Scheduled to arrive in stores: February 13, 2019
Cover date: April 2019
“The House of El” – Part 2
Writer: Brian Michael Bendis
Penciller: Ivan Reis & Brandon Peterson
Inker: Joe Prado & Oclair Albert
Cover: Ivan Reis, Joe Prado & Alex Sinclair
Variant Cover: Rob Liefield
Reviewed by: Adam Dechanel
When Jor-El questions his grandson’s motives for coming on the trip Jon explains that he was struggling with expectations of him as the son of the world’s greatest hero. Jor reveals he too is challenged with his role as a grandfather.
Both of them exist but in a logical scientific way, they really should not… almost like the stuff of comic books. Jor based his entire life to science and everything he has come to know and experience is detrimental to that.
At this point Jon realizes that a journey into deep space was perhaps a mistake and longs to return home. He naively thought of space as a series of locations rather than the expanse it truly is and that he is stuck with Jor whether he likes it or not.
Clark and Lois struggle with the error in their judgement and as Superman, the angry father takes his frustration out on a deadly villain.
Jon continues his tale and we come to learn it is a co-dependent relationship that Jon and Jor have developed. The two Kryptonians fight villainous aliens across the galaxies and when Jon has the opportunity to return home with two Green Lantern’s he realizes he must turn the offer down.
For a long time after Jon and Jor continue to travel together but one night a broken Jor bursts into Jon’s living quarters telling the boy he is deeply sorry. Before the boy can ask why, the ship is swallowed by a portal and transported to Earth-3.
As Jon struggles to his feet he is greeted by the Crime Syndicate.
To Be Continued…
Story – 1: The ideas are clearly there but the execution is, frankly, diabolical.
I understand the writer’s desire to push for Jon as a hero that is all grown up, but making Lois and Clark out to be gullible, guilt stricken and stupid to facilitate a ‘Jump The Shark’ is a huge slap in the face to both the creative teams past and your loyal readership.
From Jon’s language, the awkward non-dialogue panels, Lois’ half-hearted apology and Clark’s battle with Mongul – if we can even call it that…
As I said the ideas are all there. The problem is probably best illustrated through Superman’s minuscule role in the book. Not one scene is fleshed out. It is all brushed over in poor out-of-character dialogue or some equally painful panels with no dialogue at all.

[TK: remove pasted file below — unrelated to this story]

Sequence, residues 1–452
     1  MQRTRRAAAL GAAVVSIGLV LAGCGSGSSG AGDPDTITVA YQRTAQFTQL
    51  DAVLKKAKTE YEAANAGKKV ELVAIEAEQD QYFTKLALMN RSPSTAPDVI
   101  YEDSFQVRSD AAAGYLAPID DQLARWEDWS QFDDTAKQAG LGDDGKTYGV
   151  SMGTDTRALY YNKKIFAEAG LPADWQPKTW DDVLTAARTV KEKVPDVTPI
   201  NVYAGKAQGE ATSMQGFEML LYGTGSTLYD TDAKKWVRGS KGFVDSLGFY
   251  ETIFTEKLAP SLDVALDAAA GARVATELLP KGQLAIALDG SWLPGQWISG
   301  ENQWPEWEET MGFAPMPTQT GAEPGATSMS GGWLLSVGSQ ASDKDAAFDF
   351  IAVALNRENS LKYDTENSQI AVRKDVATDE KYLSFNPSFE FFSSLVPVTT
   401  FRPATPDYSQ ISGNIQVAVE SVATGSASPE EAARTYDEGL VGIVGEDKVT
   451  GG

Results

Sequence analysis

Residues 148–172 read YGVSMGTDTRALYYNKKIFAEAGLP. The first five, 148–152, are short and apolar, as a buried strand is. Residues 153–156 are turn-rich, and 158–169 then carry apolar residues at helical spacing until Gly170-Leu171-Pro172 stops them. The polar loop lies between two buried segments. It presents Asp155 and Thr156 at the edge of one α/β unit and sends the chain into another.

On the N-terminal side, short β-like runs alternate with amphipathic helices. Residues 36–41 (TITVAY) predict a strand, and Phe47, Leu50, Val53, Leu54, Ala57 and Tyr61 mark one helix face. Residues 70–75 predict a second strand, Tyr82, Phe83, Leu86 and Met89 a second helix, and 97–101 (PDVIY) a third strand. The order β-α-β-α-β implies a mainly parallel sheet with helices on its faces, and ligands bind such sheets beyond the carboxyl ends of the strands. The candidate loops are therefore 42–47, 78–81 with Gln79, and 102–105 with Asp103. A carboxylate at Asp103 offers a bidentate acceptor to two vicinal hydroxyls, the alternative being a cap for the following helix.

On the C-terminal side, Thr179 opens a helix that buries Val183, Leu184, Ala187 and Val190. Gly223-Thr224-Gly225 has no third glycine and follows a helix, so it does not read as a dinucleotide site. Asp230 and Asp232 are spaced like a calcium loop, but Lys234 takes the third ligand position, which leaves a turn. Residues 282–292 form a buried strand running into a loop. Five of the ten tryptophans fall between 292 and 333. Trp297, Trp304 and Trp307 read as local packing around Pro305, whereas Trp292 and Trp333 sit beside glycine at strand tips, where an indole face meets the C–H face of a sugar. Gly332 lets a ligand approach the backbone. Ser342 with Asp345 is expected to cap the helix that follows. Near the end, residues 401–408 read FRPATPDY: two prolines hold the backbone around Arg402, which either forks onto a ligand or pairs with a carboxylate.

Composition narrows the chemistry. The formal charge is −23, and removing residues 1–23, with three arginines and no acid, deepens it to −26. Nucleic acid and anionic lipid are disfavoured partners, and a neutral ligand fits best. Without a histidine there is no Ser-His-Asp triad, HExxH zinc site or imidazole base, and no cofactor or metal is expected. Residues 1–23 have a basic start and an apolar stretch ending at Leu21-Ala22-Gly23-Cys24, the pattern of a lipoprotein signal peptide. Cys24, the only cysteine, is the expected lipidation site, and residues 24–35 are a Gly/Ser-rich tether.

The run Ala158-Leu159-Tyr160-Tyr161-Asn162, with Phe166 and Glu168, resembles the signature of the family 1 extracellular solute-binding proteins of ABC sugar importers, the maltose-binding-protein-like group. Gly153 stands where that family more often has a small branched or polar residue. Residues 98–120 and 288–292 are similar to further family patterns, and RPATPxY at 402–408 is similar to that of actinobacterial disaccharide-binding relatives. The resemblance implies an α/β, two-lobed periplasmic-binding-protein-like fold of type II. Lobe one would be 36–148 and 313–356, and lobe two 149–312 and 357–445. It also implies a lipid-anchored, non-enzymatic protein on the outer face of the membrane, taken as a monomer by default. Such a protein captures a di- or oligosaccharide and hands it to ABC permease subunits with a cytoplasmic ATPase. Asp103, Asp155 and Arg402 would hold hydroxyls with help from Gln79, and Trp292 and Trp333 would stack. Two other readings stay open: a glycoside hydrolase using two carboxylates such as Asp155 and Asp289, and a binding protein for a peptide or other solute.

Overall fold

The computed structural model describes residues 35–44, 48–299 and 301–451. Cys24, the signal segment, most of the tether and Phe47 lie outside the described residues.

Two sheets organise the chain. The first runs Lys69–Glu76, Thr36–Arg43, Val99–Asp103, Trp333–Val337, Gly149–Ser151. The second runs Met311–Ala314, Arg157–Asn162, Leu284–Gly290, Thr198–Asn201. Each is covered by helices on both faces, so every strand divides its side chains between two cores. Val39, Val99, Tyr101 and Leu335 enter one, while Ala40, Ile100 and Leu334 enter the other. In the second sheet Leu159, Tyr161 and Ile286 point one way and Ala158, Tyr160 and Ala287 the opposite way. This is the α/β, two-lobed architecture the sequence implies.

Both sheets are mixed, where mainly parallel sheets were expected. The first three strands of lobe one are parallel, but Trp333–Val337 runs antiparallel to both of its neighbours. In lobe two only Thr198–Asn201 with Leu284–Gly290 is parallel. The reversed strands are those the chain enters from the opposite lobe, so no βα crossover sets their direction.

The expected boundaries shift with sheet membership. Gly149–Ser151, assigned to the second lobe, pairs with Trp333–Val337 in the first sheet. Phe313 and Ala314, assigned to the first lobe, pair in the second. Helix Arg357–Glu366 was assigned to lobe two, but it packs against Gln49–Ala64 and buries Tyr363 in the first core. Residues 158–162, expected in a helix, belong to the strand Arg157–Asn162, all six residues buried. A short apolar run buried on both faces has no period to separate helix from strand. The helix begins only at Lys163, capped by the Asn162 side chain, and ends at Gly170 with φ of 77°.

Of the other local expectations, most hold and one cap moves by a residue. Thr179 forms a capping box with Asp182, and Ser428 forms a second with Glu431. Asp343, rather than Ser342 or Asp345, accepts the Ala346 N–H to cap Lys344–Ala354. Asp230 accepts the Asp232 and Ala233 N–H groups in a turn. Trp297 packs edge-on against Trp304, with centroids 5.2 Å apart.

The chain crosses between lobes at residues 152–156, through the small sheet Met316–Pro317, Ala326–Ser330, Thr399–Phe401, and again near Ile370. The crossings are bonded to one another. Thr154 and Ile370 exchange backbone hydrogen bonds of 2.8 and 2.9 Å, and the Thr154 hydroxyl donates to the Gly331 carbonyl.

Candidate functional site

I feel each idea would work better if it were fleshed out.
Jon’s never before seen, or heard of, struggling being Superman’s son.
Jor’s struggle with mental health issues, realizing only now that he is in a world that defies science – conveniently forgetting his entire life up to Action Comics #1000.
Lois’ guilt at ignoring her instincts.
Superman’s rage that seven years of his parenthood has been stolen from him.
The fight with Mongul.
Jon’s holographic arm – it’s there, not explained, just there, bizarre.
The scene with Killowog and Arisia realizing Jon is alone with a disoriented old man (not notifying Clark or questioning Jon’s flaky explanation).
This issue was a huge disappointment and I can only hope as the pieces are put together the over arcing story will reduce this issue to a footnote.
One last thing, the book is called SUPERMAN.
It would be great if he could have more than six pages in his own book.
Ending a book on an ominous sentence, especially in a really bad issue, is not a good thing.
Art – 3: The art valiantly tries to fill in the gaps but causes more problems.
A reader having to fill in the gaps is part and parcel of comic books but having to play detective takes the enjoyment out of the experience. It was a hefty task for the art team this issue and for the most part they did a great job, if giving some scenes emphasis that could have been saved for others. That responsibility lies with the writer and editor so I cannot fault them for the shortcomings.
The page with Mongul and the double page spread with the alien invasion look stunning.
What the art team deliver looks great but they were tasked with was an unfair workload this issue I feel.
Cover Art – 4: A cool cover showing a very angry Jon, now branded the Son of Steel.
The default glowing heat vision present and his holding his own in a fight show Jon as a force to be reckoned with. A nice debut for the teen’s arrival back on Earth. I also like Clark’s look of shock at his son’s personality change.
Variant Cover Art – 4: A nice (and rare) rendition of nineties Superman by superstar artist Rob Liefield.
There is a determination in his face and stature that I’d like to think was drawn to illustrate the scene where Superman realizes his error in judgement concerning Jor-El.
Pretty fun to have a one off variant from Liefield that is an unexpected high point.
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